Meanwhile, back in Sin City, the differences between what is tolerated in strip joints here and in San Diego are beginning to stand out like a sore thumb, as evidenced by recent statements from a topless bar employee.

"While I was employed at the (Las Vegas) Crazy Horse Too, the 'dancers' engaged in an activity called a 'friction dance' wherein the male customer puts on a condom and the dancer straddles the customer and manipulates her body against the male customer so as to arose or gratify the sexual desire of the male customer." This statement is part of the federal probe of a Vegas strip bar owned by Galardi's competitor Rick Rizzolo.

Regarding the same Vegas club, former federal prosecutors Stan Hunterton and Don Campbell recently filed documents alleging Rizzolo condones an "environment that has bred rampant lawlessness. For years, the management and `security' staff of the Crazy Horse has been infested by a rogues' gallery of thugs, thieves, drug pushers, and corrupt ex-cops. Most, if not all, have well-documented ties to organized crime figures who frequent the premises. All of this has nurtured a culture of violence marked by robberies, beatings and even death."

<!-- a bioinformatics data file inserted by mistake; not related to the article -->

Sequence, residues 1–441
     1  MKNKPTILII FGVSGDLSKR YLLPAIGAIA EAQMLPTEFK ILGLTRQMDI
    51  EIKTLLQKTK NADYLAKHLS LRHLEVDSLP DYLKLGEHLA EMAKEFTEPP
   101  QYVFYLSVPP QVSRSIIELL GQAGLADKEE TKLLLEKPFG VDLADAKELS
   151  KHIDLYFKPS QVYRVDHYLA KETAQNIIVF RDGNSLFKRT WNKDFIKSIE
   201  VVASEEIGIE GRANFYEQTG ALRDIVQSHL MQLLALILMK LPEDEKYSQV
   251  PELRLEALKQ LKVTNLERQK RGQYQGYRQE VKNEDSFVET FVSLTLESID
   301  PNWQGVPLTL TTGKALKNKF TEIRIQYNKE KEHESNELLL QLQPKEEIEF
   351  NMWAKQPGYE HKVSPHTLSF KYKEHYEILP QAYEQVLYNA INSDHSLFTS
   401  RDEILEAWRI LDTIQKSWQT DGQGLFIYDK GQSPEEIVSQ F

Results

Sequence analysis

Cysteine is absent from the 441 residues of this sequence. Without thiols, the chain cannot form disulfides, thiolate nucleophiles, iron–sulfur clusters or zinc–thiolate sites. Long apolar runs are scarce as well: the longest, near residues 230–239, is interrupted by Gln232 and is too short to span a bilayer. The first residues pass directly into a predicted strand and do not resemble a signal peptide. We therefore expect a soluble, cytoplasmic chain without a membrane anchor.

However, in contrast to what aroused San Diego authorities, in Vegas this type of behavior is often overlooked as just another day in paradise. For many years political campaign contributions have kept Sin City politicians in tow, and other arrangements have been made to keep Vegas law enforcement officials at bay in the face of many violent incidents and blatant infractions of Nevada law. It has also been reported that up to $20,000 per night in skimmed cash is paid to Vegas cab drivers to deliver customers to certain topless bars while the state Taxi Authority turns its back. However, 300 miles away in San Diego its a different story.